By Robin GOLDSWORTHY
The second in a series of events co-hosted by the Islamic Congregation of La Cañada Flintridge and the La Cañada Presbyterian Church was held at La Cañada Presbyterian Church on Saturday afternoon. According to organizers, the events are held to build peace and understanding between Christian, Muslim, interfaith and secular communities in the La Cañada area and beyond. On Sunday, a service project was planned followed by a potluck dinner.
The first event, held at the church in March, was promoted as a community forum on religious extremism. Around 250 people attended the forum whose panelists represented different religious perspectives.
“The forum was a smashing success,” said Levent Akbarut of the Islamic Congregation of La Cañada Flintridge who with Megan Katerjian, LCPC Interim Associate Pastor of Outreach, organized the events. “There was a lot of interfaith dialogue. Now our new initiative is to move forward, to have an interfaith activity.”
The project on Saturday involved preparing 250 hygiene kits for those in need. Boxes of products that would be included in each bag were laid out on tables that were set end to end. On either side of the tables were seated volunteers who added products to the bag then passed it down to other volunteers who added more supplies. This continued until every bag was a completed hygiene kit. A volunteer at the end boxed up the kits.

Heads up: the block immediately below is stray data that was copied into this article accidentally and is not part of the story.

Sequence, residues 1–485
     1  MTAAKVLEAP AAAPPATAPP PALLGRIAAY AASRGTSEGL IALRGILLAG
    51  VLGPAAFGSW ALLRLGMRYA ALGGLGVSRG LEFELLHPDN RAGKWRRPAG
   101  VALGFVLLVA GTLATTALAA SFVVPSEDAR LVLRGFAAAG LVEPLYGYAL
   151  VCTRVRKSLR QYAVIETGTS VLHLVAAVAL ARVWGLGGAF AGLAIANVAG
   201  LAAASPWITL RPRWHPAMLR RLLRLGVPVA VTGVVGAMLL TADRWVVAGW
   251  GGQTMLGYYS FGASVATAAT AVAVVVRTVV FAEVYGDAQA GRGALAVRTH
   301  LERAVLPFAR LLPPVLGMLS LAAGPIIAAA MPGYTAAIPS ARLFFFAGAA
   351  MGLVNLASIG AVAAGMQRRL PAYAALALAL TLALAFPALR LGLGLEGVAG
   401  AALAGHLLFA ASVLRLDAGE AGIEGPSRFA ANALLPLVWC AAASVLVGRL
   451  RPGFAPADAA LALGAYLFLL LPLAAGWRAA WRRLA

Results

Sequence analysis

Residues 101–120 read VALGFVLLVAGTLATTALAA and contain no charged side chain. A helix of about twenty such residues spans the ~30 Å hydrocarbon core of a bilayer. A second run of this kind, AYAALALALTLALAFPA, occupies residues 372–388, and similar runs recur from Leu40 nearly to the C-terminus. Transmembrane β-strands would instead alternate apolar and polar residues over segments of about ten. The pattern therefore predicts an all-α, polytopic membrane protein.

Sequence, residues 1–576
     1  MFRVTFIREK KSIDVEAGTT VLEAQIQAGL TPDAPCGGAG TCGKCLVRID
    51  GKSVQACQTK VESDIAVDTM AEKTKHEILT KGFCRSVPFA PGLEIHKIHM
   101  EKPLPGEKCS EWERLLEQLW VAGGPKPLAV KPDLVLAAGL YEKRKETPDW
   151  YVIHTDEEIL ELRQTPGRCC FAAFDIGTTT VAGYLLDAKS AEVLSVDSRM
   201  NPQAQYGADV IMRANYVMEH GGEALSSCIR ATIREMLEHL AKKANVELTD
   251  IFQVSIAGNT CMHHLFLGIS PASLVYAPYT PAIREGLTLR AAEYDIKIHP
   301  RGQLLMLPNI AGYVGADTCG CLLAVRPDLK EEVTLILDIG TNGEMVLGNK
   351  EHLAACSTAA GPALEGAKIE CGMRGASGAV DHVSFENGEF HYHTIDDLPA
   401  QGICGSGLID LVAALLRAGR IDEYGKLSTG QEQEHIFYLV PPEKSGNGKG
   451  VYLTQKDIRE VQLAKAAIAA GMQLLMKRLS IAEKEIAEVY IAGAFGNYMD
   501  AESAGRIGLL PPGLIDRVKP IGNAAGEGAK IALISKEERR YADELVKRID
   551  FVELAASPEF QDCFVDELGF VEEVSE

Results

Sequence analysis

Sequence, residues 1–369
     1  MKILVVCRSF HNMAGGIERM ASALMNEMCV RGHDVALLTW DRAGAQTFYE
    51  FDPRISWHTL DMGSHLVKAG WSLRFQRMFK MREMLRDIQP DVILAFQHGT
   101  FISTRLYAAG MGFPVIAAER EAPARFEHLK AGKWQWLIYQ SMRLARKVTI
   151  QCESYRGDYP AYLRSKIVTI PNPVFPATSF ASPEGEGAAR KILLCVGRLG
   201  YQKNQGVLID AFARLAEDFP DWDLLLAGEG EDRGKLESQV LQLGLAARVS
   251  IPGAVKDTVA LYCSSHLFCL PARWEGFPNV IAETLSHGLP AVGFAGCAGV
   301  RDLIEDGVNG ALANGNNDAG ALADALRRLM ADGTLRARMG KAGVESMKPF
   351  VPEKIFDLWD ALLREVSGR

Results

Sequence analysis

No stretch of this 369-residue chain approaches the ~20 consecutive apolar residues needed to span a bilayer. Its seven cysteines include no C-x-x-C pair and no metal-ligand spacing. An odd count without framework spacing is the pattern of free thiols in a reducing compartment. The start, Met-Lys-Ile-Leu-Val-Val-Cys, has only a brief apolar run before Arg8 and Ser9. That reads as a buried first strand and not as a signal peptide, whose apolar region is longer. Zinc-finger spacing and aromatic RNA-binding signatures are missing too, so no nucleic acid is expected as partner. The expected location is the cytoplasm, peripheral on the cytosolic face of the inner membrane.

The hygiene kits will be distributed in the Pasadena area during Ramadan as part of Humanitarian Day.
One of the volunteers was Nishat Ahmed. Originally from India, he has lived in La Cañada for 26 years.
“It is important to appreciate and learn about each other,” Ahmed said. “We have the same perspective with a common goal – God.”
He said that in India, there are 300 million Muslims and when he came to America he experienced culture shock. However, he added, he also recognized that America is a land of opportunity where “ordinary people do extraordinary things.”
He started his own business and sits on several non-profit boards.
Sally Spalding came to the service event after attending the interfaith forum in March. She worked in the kitchen helping to prepare the food that would feed the three-dozen volunteers who helped with assembling the hygiene kits.
Before the project began, both Katerjian and Akbarut took a few minutes to share a little about their religions and read from their books of faith. Katerjian noted that both religions desire serving people in need – this was a commonality in the Islamic and Christian faiths. She read a passage from the Book of Isaiah.
Akbarut said that worship, charity and service are pillars of the Islamic faith and read first in Arabic then in English a prayer from the Quran.